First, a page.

My College Kritter’s infatuation with food probably started the day she was born, four days after the predicted date. After conferring with my ObGyn, Father called from the hospital and told me to be there at noon. I was a novice at the delivery business and did not want to take any chances of going without food. I calmly asked Mother to make me some sauteed chicken livers. Her first reaction was utter confusion, followed closely by incredulity, only to finish in amusement.
I sat at the table facing a plate of glorious morsels crunchy and salty on the outside, soft and sweet inside, with a hefty piece of crusty bread on the side to dip into the flavorful lard. Mother’s chicken livers are always insanely good, but this plate stayed in my memory as the best. I had to get up occasionally and breathe rhythmically as I walked around the kitchen table. But I managed to polish off a huge plate just before Father arrived to take me to the hospital.
Fortified with all the comforting goodness, I was ready to tackle a two-to three day delivery process. But my firstborn arrived after only four hours of the most intense pain I had ever experienced, well before my morning meal was entirely digested.
The nurses told me the first day that she was one of the most voracious eaters ever, ruefully informing me that my breast-feeding would not suffice. My sister, the nurse, arrived from Germany the day Nina was born, toting a suitcase full of baby formula, just in case. The wars were ripping Yugoslavia apart, and baby food was a luxury, hard to find and extremely expensive. I was grateful and at the same time awfully sad, feeling inadequate at providing nourishment for my baby.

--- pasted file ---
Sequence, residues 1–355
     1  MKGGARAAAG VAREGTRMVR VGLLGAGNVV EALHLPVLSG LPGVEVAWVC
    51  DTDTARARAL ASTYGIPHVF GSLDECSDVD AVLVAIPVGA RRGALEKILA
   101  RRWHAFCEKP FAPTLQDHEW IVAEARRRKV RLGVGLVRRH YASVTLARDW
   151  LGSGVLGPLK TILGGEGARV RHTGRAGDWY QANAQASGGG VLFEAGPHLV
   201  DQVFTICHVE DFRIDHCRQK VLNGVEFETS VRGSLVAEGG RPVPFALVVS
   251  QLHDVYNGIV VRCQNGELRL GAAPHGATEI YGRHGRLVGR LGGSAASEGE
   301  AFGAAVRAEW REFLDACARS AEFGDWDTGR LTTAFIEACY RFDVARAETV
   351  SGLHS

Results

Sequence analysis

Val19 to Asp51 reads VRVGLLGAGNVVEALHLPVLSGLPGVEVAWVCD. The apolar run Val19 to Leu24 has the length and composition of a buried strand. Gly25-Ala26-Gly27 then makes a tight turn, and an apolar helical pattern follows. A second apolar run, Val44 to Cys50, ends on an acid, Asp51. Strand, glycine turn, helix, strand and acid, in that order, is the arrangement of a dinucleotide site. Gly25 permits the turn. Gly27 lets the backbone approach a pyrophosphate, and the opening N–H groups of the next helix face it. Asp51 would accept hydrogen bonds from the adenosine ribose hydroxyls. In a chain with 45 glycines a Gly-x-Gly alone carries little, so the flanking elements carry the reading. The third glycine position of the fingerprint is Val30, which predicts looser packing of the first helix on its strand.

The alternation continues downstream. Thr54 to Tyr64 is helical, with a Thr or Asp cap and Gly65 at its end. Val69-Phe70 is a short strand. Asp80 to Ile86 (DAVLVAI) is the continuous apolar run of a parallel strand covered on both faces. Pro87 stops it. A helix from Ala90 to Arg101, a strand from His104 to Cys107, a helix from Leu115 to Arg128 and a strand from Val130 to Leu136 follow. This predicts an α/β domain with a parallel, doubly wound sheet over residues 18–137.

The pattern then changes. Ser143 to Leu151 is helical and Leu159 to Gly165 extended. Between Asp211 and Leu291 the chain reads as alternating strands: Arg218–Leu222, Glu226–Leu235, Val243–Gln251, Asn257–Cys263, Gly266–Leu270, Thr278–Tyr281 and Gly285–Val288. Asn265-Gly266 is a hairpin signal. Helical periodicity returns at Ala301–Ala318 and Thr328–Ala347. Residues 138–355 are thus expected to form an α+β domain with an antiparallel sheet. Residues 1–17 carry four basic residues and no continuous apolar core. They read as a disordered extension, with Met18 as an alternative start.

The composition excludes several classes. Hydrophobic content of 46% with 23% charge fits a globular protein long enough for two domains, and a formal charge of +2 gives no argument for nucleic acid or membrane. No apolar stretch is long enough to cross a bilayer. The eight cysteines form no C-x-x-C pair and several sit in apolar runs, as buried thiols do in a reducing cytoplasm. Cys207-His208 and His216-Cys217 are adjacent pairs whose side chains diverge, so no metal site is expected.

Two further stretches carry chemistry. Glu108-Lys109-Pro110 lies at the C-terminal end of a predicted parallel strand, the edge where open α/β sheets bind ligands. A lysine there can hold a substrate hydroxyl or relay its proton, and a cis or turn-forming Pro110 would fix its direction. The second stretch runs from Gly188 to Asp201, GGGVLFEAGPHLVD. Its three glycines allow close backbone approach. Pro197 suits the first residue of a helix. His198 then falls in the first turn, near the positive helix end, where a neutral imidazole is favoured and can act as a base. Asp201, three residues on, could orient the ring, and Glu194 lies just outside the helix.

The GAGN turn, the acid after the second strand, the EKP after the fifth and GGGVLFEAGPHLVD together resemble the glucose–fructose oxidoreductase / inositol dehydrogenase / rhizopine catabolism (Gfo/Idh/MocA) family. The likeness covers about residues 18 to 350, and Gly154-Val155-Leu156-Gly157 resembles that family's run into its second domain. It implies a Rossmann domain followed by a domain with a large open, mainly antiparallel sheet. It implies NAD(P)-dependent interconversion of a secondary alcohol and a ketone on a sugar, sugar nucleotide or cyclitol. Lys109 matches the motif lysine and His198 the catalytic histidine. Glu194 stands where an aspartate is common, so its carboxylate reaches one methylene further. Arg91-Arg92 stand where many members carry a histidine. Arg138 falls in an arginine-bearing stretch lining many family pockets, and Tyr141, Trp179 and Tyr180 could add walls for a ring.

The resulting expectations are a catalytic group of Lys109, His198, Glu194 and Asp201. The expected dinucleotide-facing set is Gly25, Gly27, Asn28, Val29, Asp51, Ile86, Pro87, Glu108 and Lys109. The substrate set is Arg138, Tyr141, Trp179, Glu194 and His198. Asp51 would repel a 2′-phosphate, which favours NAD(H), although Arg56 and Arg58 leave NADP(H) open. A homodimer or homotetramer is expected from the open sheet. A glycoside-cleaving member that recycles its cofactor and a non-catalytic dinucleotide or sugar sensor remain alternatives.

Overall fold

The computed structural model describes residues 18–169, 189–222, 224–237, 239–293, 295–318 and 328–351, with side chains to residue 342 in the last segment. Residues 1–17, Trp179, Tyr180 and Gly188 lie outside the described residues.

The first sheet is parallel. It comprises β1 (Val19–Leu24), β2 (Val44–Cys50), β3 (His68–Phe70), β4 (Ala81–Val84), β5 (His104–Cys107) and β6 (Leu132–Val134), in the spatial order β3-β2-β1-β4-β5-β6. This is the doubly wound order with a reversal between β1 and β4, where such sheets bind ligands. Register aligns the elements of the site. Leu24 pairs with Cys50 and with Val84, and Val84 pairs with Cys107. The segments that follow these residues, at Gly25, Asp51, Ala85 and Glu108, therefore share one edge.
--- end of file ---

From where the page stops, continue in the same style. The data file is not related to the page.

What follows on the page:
From the beginning she was not a picky eater. She approached new foods with enthusiasm and joy. She was a healthy and happy girl. She was nine months old when I fled my country and came back to the States, frightened by the threat of international sanctions and bombing. When a pediatrician in the U.S. told me in an accusatory tone that she was too tall for her age, I stopped seeing him. Upon my return I faced an insecure future, a husband who barely worked, maxed-out credit cards, unpaid bills, and an empty refrigerator. In spite of all that was happening in our lives, Nina continued to thrive.
I still see that two-year-old sitting at Mother’s kitchen table in Serbia, chanting “Meso, meso, meso“*, banging her little fist holding a fork against the wooden surface, her curly dark pig-tails bobbing up and down keeping the beat. I remember her peeking under Father’s Yugo looking for a quince that rolled out of her hands, upset that her Baba would not be able to make jelly for her. I smile when I bring back the memories of her kneeling on a chair, covered in flour, working the rolling pin over the dough in earnest.
At fourteen, she started making her signature yeast rolls with caramelized onions and rosemary. At sixteen, she fell in love with Asian cuisine and started preparing stir-fries and curries. At seventeen, she cooked a couple of meals a week and baked cookies with ease. When she was twelve, she announced that her first paycheck would go towards purchasing a whole wheel of cheese. True to her promise, she spent the first money she had earned hostessing in a restaurant on food. She came home with a wheel of cheese and several bags of groceries. That night we were treated to a beautiful feast of international food: crostini with gorgonzolla and fig preserves, a cheese platter, caviar, soft-boiled quail eggs, bacon-wrapped filet mignon, roasted asparagus, and Thai soup served in coconut shells.